Now, you talk as if administrators are simply not aware of the differences between print and digital journals and that you’ve got to train them. Well, I think a lot of administrators want the move toward digital scholarship to work; I certainly want it to work. However, the burden of proof is on you and those who are going down this path. This is what I was trying to do in the piece on scholarly websites. There needs to be a way, and I am not exactly sure what it is, to convey to all concerned the level of rigor that goes into the review process at electronic journals committed to rigor.

Obviously, the first thing to do is apparently what Kairos and some of the other e-journals I’ve mentioned are already doing—that is, advertising widely and clearly exactly what the review process is. This needs to be done over and over ad nauseam because there will always be skeptics. There are plenty of old-fashioned people (perhaps I’m one of them) who will always be suspicious of digital scholarship. However, the more that you get the word out there, the better. Quite honestly, one of the key ways that print journals have established their reputations for selectivity is by their acceptance rate, or more likely by their rejection rate. Every e-journal should clearly publish its annual acceptance rate. Is it twenty percent, forty percent, eighty percent, or ten percent? It makes a difference. Widely publishing that information, along with providing a clear description of the review process, will help quite a bit. For some people, that will not be sufficient in and of itself. What beyond that needs to be done, however, I don’t know. Maybe over time, in the same way that print journals needed time, various e-journals will rise to the top, others will stay in the middle, and some will languish at the bottom, but that process will probably take another decade.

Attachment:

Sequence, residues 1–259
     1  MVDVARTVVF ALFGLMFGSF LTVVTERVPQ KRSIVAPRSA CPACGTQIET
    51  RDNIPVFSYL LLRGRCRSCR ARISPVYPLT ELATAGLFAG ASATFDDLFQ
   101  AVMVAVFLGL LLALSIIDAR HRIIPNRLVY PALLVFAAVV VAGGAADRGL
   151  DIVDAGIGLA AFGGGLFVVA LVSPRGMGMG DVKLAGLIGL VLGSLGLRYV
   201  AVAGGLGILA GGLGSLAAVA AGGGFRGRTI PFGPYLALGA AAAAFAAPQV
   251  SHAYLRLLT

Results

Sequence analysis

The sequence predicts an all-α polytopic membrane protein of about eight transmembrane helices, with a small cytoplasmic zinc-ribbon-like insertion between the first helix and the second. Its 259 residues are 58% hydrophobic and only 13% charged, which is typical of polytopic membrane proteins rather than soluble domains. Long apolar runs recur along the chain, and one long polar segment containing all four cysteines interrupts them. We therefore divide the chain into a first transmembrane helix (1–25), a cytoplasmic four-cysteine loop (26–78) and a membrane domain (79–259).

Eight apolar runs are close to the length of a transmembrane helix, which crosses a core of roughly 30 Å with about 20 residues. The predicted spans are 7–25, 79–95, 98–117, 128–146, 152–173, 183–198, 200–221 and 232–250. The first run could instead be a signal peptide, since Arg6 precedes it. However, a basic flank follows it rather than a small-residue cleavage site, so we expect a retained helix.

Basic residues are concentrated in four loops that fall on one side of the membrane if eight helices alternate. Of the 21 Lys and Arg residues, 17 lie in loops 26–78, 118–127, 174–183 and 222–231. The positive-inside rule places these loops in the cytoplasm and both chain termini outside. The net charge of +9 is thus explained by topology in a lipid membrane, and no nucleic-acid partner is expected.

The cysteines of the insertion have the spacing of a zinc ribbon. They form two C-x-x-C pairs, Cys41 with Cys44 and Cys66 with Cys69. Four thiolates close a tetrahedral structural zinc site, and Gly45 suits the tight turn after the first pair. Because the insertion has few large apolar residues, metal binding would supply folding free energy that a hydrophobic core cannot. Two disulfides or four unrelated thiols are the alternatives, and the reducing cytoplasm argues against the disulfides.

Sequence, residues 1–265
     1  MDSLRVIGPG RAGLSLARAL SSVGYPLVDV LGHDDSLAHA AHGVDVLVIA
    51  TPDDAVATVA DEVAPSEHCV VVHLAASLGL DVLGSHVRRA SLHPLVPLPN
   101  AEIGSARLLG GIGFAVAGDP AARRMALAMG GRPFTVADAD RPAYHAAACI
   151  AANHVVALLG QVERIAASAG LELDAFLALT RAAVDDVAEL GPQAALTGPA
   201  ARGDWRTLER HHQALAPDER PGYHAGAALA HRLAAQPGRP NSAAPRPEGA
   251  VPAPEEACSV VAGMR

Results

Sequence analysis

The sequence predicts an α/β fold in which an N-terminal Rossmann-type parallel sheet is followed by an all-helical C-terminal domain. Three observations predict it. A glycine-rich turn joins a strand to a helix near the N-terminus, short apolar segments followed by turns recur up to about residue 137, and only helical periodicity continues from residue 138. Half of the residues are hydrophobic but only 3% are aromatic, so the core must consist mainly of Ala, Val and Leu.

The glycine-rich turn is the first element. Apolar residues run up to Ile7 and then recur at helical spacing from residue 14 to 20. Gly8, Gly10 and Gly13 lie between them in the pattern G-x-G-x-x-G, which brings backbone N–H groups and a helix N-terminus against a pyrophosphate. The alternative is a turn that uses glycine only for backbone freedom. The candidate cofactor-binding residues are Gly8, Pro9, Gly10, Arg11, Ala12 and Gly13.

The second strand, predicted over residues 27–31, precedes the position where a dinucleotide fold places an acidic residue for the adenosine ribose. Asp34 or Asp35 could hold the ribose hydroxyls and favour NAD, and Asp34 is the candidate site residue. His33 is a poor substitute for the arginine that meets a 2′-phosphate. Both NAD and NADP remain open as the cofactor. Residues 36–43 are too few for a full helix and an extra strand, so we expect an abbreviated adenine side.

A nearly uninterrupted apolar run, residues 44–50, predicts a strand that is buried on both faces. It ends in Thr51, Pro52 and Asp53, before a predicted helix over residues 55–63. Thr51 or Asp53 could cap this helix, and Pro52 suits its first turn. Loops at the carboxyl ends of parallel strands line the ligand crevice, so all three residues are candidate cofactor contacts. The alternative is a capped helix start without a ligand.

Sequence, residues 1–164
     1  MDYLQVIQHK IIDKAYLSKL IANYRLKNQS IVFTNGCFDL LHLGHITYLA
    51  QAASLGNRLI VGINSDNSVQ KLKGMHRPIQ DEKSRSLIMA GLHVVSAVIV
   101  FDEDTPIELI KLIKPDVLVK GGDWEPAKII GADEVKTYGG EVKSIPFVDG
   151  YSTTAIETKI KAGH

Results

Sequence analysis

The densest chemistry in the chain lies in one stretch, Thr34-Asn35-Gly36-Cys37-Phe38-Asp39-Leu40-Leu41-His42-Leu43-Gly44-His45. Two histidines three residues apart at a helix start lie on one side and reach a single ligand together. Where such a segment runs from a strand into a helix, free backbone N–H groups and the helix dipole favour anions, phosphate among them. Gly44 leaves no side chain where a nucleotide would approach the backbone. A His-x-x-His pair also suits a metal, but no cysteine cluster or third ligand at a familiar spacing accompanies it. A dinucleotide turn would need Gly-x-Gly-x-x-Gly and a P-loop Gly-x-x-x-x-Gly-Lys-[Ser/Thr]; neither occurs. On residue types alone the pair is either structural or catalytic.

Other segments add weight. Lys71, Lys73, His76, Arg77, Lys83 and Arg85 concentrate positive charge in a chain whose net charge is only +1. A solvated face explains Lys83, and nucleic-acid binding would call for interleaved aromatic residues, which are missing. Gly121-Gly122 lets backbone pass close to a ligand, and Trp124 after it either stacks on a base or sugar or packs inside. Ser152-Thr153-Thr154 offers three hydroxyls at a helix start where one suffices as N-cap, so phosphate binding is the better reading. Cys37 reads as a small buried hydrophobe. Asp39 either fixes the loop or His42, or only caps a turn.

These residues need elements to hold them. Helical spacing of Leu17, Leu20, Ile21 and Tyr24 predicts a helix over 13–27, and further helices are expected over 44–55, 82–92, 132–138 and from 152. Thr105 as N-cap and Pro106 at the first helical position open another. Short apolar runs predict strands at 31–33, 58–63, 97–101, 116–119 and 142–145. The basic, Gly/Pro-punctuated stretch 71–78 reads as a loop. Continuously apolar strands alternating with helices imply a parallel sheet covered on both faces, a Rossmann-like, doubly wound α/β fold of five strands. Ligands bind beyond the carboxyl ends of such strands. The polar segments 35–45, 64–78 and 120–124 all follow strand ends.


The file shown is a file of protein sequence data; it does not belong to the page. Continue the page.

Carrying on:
KJ: I guess the point that I was trying to make is that electronic scholarship, particularly the type of new media scholarship that appears in journals such as Kairos and Vectors, requires a different kind of review process where the rigor of the argument proper is one concern among many. As an editorial board member for Kairos, for example, I know that when considering a webtext for publication, I not only have to factor in the rigor of the argument, but the visual composition and execution of the piece, which requires a different kind of rigor altogether—a rigor that is more than how we typically conceptualize “style” in print-based manuscripts. I understand what you mean when you say that the work one puts into any piece, whether print-based or digital, does not factor into tenure considerations, but isn’t more value given to more ambitious projects? Isn’t a book valued more than an article? An article more than a book review, and so on? Is there a way to account for the ambitious undertaking of creative digital projects, particularly when we know how much they can enrich our scholarly conversations?

GAO: Sure, and this is precisely where disciplines and individual departments will need to be much more precise about how they will evaluate new modes of scholarship in the future. I have no problem with a lot of new forms of technological scholarship; however, because they are new, it is very important that we establish clear guidelines—and by “we” I mean people in the disciplines as well as in departments—as to what will be evaluated and why, and where the value in a particular kind of forum should lie and why. That is not something that should be legislated from above, but needs to be discipline specific. If we could get disciplines analyzing these new kinds of forums and coming up with clear resolutions about where particular kinds of scholarly modes should fit within the scholarly work done in the discipline, this would be immensely helpful to departments on the local level—particularly when they are trying to revise their guidelines for tenure and promotion to account for these new forums.